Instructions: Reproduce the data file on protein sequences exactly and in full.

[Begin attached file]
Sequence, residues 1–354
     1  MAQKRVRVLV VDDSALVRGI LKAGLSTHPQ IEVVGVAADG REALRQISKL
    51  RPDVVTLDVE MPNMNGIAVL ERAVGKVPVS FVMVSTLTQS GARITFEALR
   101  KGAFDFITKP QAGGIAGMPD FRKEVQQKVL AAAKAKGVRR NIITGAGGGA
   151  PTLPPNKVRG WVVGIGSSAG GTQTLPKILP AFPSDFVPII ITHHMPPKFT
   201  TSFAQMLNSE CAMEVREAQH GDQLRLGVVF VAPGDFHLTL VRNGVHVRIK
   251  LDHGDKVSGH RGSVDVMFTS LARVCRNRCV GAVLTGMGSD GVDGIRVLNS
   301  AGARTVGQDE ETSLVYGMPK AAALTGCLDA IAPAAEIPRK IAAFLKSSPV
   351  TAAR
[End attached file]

Sequence, residues 1–354
     1  MAQKRVRVLV VDDSALVRGI LKAGLSTHPQ IEVVGVAADG REALRQISKL
    51  RPDVVTLDVE MPNMNGIAVL ERAVGKVPVS FVMVSTLTQS GARITFEALR
   101  KGAFDFITKP QAGGIAGMPD FRKEVQQKVL AAAKAKGVRR NIITGAGGGA
   151  PTLPPNKVRG WVVGIGSSAG GTQTLPKILP AFPSDFVPII ITHHMPPKFT
   201  TSFAQMLNSE CAMEVREAQH GDQLRLGVVF VAPGDFHLTL VRNGVHVRIK
   251  LDHGDKVSGH RGSVDVMFTS LARVCRNRCV GAVLTGMGSD GVDGIRVLNS
   301  AGARTVGQDE ETSLVYGMPK AAALTGCLDA IAPAAEIPRK IAAFLKSSPV
   351  TAAR